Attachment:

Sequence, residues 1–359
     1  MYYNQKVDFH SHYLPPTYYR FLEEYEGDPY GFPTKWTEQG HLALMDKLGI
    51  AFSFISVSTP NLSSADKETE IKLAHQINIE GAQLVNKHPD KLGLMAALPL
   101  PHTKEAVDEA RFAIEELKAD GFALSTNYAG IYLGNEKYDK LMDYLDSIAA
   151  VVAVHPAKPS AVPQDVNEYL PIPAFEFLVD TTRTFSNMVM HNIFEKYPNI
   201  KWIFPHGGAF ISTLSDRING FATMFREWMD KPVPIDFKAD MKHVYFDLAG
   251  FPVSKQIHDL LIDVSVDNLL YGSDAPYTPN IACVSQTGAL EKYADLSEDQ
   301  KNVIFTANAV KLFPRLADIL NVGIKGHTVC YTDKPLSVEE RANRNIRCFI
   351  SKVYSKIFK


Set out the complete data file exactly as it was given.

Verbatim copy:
Sequence, residues 1–359
     1  MYYNQKVDFH SHYLPPTYYR FLEEYEGDPY GFPTKWTEQG HLALMDKLGI
    51  AFSFISVSTP NLSSADKETE IKLAHQINIE GAQLVNKHPD KLGLMAALPL
   101  PHTKEAVDEA RFAIEELKAD GFALSTNYAG IYLGNEKYDK LMDYLDSIAA
   151  VVAVHPAKPS AVPQDVNEYL PIPAFEFLVD TTRTFSNMVM HNIFEKYPNI
   201  KWIFPHGGAF ISTLSDRING FATMFREWMD KPVPIDFKAD MKHVYFDLAG
   251  FPVSKQIHDL LIDVSVDNLL YGSDAPYTPN IACVSQTGAL EKYADLSEDQ
   301  KNVIFTANAV KLFPRLADIL NVGIKGHTVC YTDKPLSVEE RANRNIRCFI
   351  SKVYSKIFK